Lawmakers want to find ways to keep your private data from falling into the hands of companies like Cambridge Analytica.
The company pirated Facebook data and used it during the 2016 election to support Republicans — including President Trump.
“I’ve come here today voluntarily today as witness and whistleblower.”
Christopher Wylie is largely credited for bringing the Facebook data scandal to light.
He’s the former director of research at Cambridge Analytica, the now defunct firm, that he says improperly obtained the data of 87 million Facebook users.
On Wednesday, he told lawmakers the firm spread messages online to suppress voter turnout.
“To target anybody with characteristics that would lead them to vote for the Democratic party — including an in particular African Americans,” Wylie said.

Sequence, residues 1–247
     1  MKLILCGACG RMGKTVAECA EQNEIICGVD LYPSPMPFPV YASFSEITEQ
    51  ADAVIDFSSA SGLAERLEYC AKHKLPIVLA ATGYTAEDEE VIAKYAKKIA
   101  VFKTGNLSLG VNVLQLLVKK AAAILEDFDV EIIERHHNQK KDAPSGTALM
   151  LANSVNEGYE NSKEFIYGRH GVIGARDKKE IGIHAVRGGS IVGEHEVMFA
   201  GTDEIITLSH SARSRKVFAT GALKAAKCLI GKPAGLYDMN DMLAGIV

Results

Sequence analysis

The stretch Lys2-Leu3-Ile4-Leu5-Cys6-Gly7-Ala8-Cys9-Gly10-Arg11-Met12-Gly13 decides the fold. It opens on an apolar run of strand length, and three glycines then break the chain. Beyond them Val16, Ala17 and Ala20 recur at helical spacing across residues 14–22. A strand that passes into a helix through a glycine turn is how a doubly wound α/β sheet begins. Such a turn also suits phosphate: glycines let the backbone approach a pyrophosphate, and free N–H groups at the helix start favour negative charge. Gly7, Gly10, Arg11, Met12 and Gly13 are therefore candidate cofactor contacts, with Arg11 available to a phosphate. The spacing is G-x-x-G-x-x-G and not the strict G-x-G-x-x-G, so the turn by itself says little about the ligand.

Iowa Senator Chuck Grassley (R) says Congress should not focus on the partisan politics, but instead look at how tech companies handle users’ data going forward.
“It’s clear that the use data across the political spectrum is only increasing. Are these companies doing enough to properly disclose their data polices?” Sen.Grassley said.
Wylie told lawmakers most people don’t understand what they’re handing over, when they consent to online privacy policies.
“When you even talk to lawyers, some of it’s even dense for a lawyer,” Wylie said.
In light of the scandal, lawmakers are considering regulating social media companies. Senator Dick Durbin (D-Ill.) says protecting consumer privacy is critical.
“The right of Facebook — or any entity — to use my information without my express committee is over the line.”
Wylie told lawmakers this is only the beginning.
“Cambridge Analytica is the canary in the coal mine.”
He warned if Congress doesn’t act, bad actors will continue to use data to divide Americans and put our Democratic process at risk.